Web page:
Has anyone ever heard the word EWER in a conversation? "Yes, I would like a ewer of Kool-Aid." (invented in Hastings, NE BTW).

Aren't you embarrassed by knowing that opportunistic SOB Levi Johnston?

OFF can be a verb, can't it.

I don't understand the whole NUIT/NOIR/SOIR thing. I thought BON SOIR was the opposite of BON JOUR.

I tried for quite a while to get CLARINET for Benny's instrument and did not get Jack until Lemonade's lovely write-up.

creature said...

Good Morning C.C.,Lemonade and all,
Thanks Lemonade for the fun write-up- especially Fred and Ginger-aah..

This puzzle has lots of style; it got my attention in lots of ways.
I like this kind of theme [hidden words-creates a puzzle within a puzzle kind of thing].
Lots of thought went into the fill, including oil spill reference- very direct, newsy and intentional.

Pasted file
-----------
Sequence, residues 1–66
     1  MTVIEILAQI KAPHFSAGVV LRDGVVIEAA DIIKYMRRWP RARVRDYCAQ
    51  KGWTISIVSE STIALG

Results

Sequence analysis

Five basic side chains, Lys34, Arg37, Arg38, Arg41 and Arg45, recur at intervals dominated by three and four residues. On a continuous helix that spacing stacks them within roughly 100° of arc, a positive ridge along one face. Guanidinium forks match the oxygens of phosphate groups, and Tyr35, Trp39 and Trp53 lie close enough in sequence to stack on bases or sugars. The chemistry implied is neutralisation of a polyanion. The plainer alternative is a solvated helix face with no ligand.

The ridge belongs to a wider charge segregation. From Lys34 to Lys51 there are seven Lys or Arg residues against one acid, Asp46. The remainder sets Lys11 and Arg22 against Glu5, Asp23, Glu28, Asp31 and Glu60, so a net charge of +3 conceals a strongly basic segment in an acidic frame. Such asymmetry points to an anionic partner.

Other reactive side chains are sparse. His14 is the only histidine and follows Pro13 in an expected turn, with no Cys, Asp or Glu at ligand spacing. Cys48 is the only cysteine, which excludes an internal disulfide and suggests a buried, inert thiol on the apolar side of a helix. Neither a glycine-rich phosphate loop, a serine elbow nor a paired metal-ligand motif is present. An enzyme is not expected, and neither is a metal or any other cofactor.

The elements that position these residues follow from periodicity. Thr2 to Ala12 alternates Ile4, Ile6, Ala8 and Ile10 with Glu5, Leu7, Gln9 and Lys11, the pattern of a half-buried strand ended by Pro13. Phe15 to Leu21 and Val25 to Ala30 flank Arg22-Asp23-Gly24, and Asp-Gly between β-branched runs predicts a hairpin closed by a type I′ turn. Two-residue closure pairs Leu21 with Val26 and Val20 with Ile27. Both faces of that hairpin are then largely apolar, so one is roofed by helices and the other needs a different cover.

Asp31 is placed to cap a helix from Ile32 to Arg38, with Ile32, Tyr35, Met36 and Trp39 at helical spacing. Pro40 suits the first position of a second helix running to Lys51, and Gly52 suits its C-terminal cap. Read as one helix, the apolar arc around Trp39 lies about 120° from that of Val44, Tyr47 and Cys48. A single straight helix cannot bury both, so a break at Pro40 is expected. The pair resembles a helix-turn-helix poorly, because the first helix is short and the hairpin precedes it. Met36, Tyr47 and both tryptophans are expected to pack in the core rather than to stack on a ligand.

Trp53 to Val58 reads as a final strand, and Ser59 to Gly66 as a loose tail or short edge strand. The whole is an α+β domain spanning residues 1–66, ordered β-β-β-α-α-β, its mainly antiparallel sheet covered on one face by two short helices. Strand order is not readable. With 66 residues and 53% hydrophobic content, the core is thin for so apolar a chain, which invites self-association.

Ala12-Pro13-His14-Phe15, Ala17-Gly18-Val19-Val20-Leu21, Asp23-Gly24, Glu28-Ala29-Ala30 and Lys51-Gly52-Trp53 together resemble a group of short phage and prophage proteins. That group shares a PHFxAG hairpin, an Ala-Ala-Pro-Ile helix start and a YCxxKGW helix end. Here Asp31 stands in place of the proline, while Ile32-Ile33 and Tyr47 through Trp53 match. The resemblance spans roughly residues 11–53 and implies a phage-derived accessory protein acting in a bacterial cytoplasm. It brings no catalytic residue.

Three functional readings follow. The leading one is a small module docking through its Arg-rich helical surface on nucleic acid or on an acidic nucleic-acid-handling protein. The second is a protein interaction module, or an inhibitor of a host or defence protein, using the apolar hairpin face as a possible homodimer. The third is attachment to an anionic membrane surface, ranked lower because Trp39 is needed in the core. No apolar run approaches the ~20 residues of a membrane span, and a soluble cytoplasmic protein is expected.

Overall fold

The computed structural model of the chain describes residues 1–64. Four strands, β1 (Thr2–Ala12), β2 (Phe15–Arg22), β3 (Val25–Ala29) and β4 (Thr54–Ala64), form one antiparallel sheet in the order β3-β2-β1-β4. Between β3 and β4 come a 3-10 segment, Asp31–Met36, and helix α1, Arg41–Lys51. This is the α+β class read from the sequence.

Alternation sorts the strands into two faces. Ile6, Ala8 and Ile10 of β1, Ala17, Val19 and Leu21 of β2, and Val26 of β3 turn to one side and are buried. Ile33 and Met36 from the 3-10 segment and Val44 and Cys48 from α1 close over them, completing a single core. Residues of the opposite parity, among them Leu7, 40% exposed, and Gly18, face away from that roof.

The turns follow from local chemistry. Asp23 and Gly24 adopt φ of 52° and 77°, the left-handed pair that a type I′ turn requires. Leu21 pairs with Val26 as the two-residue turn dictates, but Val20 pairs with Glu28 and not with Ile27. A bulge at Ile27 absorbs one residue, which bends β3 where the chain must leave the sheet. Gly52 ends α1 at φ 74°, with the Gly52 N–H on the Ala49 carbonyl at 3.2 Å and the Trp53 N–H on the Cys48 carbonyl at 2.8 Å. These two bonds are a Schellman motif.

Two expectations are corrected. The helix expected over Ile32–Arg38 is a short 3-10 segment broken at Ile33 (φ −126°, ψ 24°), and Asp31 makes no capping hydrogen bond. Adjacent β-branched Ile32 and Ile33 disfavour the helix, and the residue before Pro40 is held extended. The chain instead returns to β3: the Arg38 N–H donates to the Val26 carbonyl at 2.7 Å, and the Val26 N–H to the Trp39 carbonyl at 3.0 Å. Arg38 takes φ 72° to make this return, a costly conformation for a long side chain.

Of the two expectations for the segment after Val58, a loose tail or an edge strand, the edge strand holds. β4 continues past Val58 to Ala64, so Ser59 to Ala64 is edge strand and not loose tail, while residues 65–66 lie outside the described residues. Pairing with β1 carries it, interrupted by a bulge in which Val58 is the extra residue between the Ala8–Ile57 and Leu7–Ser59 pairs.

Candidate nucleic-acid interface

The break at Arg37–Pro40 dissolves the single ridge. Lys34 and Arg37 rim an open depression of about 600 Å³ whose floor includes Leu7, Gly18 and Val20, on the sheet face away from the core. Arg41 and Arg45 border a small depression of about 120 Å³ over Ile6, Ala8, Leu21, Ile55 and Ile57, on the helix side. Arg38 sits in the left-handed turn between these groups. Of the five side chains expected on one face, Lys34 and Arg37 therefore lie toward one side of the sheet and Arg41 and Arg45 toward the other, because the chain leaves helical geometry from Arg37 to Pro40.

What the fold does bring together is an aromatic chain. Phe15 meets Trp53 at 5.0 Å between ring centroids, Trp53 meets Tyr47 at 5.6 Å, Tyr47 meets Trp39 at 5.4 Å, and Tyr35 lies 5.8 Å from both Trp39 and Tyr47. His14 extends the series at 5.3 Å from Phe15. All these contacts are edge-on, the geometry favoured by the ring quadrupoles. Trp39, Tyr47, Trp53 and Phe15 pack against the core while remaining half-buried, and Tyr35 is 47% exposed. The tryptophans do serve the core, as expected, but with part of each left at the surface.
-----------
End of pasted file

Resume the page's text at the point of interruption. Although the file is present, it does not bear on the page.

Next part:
Fresh fill for
me: 'salaam','ingle','ewers'- don't count 'Oslin' [Hmm maybe that's my problem weith names].
Playful clue of Benny- both of era of Chan and Cole[very stylish!]
'Tunesmith' and even newish coinage
'ear candy' speak style. Try 'music to my eyes'.

Dennis- a while back, one of your tid bits was that sound travels 5 times faster in water than on land,and I wonderedhow that was tested. I now know that was reported by whales. Thanks.

Have a good day everone.

Tinbeni said...

Lemonade, Great write-up, excellent clips.
LOL at the CAT SCAN. My Witch Doctor has been using that technique for years.

For LENT I usually give up organized religion.

Had the first and third theme's early and thought the theme was going to be a play on DAILY/DAY until I searched out the reveal clue.

SE was the tough spot today.